Would You Cool Down Your Canon R5 With This $165 Fan?

Would You Cool Down Your Canon R5 With This $165 Fan?

A few months after a $400 modification emerged to cool down your Canon EOS R5, there’s now another solution: a purpose-built fan that attaches to the back of the camera to help dissipate heat.

Chinese company Tilta has recently released the Tiltaing Cooling System, a fan that attaches to the back of R5 and R6 cameras, which the company claims will offer “full range cooling, efficient and stable” that will “support your creative vision.” The seven-blade fan runs at 5,000 rpm and produces 30 dB of noise. The system has a slower, quieter fan speed available, but details are not published.

The fan sits in the area left by the folded-out LCD and is held in place via an ARCA baseplate. Alternatively, it can be integrated into one of Tilta’s cages. It appears that being hinged, the fan can be flipped down in the event that you wish to fold the LCD back in. The device is powered via its USB-C port, and you’ll need to rig your own supply.

As pointed out by Canon News, there are no details on how the Tiltaing Cooling System improves performance, and as yet, there are no reviews available.

Is this cooling rig worth investigating? Let us know your thoughts in the comments below.

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25 Comments
Marc F's picture

People are used to purchase laptop computers that have the exact same flaw, and place fans below them…

Benoit Pigeon's picture

This is like encouraging and accepting companies selling unfinished, defective products in the future. Such a backward step. Last back I used with a cooling system was the DCB2 but that was a model first introduced in 1995!

Marc F's picture

That’s what people are doing but not me. I never bought a laptop computer, and I would never buy a plastic camera. I hate plastic.

Benoit Pigeon's picture

Plastic camera? You really don't make any sense. Nice!

Christian Fiore's picture

The camera is all metal...

Christian Fiore's picture

Laptops have vents. 99.9% of photo cameras do not. Fans won't do much without a proper way to channel the heat out of the body first. Which Canon gimped.

David Stephen Kalonick's picture

Pretty sure people that purchase this camera are photographers.

David Stephen Kalonick's picture

The fuck?

David Stephen Kalonick's picture

It doesn't need this fan. That's a 3rd party product. I'm a photographer that uses this camera with no heating issues. $3800 for an amazing camera(the best I've used in over 20 years of shooting)isn't a concern. I'm making 4-7k a wedding and 2-10k a commercial event. I'll use this camera for at least 3 years if not 4.The ROI is worth it and it will most likely sell for 2k in 3-4 years. So $1800 for a brilliant camera system doesn't need your 8th grade opinion on cost or winning a beauty contest. Are you even a photographer?

Benoit Pigeon's picture

Can you clarify, do you mean still photographers, "multimedia people" or videographers.

David Stephen Kalonick's picture

Yes. Still photography. I dabble in video and do some DP work. But those jobs require rental equipment. I wouldn't use any mirrorless or DSLR for those jobs.

Michael Krueger's picture

Knowing this camera has such an extreme limit to video because of over heating I would never buy it for the purpose of video which would negate the need for the fan.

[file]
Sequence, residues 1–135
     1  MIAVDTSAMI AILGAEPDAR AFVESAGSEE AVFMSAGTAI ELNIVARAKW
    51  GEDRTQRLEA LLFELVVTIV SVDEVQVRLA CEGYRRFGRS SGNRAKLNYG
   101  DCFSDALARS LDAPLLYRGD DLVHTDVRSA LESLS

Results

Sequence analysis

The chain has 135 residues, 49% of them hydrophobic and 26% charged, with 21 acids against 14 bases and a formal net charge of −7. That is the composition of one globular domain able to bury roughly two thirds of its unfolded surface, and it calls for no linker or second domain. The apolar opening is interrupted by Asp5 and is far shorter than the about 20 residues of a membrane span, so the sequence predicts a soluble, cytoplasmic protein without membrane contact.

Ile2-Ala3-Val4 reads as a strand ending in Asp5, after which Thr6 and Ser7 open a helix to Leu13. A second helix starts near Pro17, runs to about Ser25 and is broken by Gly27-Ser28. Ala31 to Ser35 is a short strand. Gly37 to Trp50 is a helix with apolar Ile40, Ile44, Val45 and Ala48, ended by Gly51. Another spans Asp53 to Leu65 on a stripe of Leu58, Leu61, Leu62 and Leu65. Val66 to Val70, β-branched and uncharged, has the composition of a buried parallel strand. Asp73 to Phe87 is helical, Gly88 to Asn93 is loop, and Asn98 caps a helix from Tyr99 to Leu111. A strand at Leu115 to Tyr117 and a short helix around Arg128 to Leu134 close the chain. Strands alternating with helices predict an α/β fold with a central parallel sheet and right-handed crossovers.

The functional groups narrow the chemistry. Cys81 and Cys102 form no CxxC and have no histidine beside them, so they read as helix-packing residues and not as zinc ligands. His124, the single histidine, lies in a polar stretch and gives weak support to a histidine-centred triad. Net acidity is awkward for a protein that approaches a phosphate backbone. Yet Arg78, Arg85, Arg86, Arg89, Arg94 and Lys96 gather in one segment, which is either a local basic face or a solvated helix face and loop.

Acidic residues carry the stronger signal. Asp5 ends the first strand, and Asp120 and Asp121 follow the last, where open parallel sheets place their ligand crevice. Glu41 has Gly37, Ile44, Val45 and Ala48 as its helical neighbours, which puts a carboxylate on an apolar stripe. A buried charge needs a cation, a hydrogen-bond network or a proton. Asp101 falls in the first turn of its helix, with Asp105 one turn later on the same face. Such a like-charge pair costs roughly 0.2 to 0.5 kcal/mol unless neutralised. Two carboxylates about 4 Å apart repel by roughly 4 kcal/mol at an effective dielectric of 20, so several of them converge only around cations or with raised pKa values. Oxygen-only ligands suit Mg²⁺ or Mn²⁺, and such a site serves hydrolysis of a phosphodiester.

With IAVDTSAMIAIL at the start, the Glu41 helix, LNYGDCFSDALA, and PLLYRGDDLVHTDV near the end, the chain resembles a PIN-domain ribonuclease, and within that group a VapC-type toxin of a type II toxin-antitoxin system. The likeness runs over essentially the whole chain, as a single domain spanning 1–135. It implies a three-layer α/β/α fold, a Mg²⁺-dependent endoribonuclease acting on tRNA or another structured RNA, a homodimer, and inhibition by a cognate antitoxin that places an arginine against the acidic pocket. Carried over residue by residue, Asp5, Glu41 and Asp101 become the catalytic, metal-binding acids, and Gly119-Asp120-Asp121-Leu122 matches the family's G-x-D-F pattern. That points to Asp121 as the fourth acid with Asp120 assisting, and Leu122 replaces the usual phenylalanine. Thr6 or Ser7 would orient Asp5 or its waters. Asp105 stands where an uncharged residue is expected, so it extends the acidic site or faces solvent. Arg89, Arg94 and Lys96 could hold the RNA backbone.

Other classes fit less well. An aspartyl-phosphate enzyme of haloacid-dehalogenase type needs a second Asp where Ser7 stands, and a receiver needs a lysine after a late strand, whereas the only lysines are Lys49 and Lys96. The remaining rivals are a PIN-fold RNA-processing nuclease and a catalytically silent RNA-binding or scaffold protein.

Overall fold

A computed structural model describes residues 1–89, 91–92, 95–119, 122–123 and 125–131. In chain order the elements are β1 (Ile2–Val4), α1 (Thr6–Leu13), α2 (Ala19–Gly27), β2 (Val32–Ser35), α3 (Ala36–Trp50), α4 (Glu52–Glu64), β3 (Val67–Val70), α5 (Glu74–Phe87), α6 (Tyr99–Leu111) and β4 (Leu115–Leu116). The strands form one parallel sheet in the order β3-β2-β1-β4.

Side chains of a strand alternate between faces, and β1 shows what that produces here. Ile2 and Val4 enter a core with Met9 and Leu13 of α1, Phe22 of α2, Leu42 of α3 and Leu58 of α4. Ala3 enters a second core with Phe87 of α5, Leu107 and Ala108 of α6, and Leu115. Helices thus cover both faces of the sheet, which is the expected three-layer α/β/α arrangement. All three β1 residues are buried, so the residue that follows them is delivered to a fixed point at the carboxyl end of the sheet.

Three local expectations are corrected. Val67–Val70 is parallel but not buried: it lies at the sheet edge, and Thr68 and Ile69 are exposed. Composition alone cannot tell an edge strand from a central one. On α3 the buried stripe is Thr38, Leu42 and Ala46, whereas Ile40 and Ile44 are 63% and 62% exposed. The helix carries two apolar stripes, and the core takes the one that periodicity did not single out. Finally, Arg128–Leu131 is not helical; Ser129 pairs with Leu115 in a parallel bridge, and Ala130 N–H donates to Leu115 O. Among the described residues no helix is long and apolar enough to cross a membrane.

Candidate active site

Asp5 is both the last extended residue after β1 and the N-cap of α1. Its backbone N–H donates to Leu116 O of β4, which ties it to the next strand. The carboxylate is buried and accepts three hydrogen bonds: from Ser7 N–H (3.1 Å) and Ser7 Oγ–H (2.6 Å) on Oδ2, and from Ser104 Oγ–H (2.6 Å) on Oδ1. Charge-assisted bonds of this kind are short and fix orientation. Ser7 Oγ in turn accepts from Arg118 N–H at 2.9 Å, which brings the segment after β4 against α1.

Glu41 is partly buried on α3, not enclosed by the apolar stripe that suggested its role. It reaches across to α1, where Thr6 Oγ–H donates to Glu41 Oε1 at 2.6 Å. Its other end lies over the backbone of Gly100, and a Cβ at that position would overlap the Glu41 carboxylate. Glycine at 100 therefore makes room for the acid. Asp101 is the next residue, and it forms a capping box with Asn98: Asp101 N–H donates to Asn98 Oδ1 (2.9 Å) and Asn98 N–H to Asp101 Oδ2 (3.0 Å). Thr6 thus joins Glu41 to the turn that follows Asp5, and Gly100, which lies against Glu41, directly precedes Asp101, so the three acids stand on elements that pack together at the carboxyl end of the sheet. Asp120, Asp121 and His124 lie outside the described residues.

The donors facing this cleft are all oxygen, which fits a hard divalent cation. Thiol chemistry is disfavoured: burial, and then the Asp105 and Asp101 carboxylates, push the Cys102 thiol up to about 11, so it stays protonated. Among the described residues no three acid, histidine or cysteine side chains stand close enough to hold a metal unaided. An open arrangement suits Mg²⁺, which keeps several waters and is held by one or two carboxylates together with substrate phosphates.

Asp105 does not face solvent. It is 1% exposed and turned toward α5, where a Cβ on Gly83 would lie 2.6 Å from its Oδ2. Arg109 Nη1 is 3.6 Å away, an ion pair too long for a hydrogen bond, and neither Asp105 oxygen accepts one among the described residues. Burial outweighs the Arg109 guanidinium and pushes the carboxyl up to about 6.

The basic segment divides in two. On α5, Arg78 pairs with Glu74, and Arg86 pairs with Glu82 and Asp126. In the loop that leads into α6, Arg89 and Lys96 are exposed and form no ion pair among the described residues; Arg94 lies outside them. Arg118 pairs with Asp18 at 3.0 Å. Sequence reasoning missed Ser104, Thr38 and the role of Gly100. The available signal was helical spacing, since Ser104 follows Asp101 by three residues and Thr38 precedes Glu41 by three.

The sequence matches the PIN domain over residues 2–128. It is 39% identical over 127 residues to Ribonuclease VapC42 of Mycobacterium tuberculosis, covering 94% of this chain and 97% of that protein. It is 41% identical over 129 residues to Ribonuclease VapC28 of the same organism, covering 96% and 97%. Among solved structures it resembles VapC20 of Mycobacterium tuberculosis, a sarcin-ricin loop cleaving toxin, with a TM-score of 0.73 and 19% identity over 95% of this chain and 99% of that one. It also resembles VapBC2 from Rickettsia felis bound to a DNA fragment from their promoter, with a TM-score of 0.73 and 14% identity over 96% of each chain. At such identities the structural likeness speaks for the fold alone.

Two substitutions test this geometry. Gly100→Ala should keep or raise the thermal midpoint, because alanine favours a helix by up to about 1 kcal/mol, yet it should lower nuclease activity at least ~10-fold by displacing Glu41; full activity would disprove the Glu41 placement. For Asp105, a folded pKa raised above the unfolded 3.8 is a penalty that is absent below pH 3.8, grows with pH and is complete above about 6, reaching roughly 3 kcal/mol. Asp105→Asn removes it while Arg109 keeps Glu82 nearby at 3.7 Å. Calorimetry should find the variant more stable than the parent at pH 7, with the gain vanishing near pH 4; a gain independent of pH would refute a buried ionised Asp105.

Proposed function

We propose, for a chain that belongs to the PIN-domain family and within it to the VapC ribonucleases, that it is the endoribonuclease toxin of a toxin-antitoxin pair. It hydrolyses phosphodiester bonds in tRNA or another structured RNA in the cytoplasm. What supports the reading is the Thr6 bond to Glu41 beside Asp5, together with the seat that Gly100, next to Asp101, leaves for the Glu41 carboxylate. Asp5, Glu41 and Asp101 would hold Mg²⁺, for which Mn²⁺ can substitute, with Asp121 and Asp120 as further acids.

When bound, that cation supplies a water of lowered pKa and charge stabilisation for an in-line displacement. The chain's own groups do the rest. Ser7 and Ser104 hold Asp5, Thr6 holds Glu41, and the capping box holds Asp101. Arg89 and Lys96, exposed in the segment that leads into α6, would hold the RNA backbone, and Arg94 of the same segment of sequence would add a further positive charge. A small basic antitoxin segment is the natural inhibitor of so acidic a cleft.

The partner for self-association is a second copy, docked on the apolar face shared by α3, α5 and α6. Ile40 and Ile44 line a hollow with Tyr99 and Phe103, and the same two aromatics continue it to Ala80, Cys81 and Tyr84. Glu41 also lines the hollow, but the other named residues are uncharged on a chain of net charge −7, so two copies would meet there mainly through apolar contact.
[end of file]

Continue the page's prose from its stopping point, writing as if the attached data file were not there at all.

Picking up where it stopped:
Lawrence Huber's picture

Get the external recorder.
And if I were doing real video I would get a real video camera.
This i a phenomenal stills camera that no other comes close to yet for the price.
Throw in some video for fun and you have a camera no one else comes close to.
No I would not waste money on the gimmick.
Looks like some garbage you would hook up to a Sony and not a real camera.

Yin Ze's picture

Lol you do not need this contraption on the Sony. I have shot a lot of 8k on a1. Im currently in 90 plus degree environment and the camera has not let me down on extended shooting in 8k. It does get pretty warm
On the grip area when shooting handheld.

Christian Fiore's picture

Well sorry, but the "real" camera is overheating, and the Sony is still recording indefinitely.

dale clark's picture

If you regularly shoot videos that go beyond the "safe" time of the camera's heat limit, look for a video centered camera. Most people who purchase the R5 will be photo centric first. This would be like a heavy photo user purchasing the Blackmagic 6k pro for photos. The capability is there, just not for the heavy photo user

Martin Mitchell's picture

At $3900 it should work flawlessly. The major camera companies are trying too hard to top each other. The market is over saturated with too many camera models. How many Sony A cameras are there now?

John Nixon's picture

😂😂😂😂😂
But seriously, buy something that does what you need. Everything has a weakness. Nothing is more irritating than people who don’t own a particular piece of kit whining about what it won’t do.

Benoit Pigeon's picture

A weakness? RAW 8K was the selling hot point for that camera a year ago until Canon presto revised their advertising.

Christian Fiore's picture

Canon advertised that this could be used on professional video sets. People DID buy something that was supposed to do what they needed. But it didn't. False advertising.

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Mike Ditz's picture

Why are you coming into a perfectly good online argument with real world experience and facts! :^D

Christian Fiore's picture

So you're saying the camera can't do what it's supposed to do by itself, without adding a lot of other expensive stuff? Hard pass.

Deleted Account's picture

o

David Stephen Kalonick's picture

I can't remember a time I was on a set where they used a mirrorless camera, ever, 0, rarely happening. To all you Sony trolls, please stop the bragging, it's embarrassing.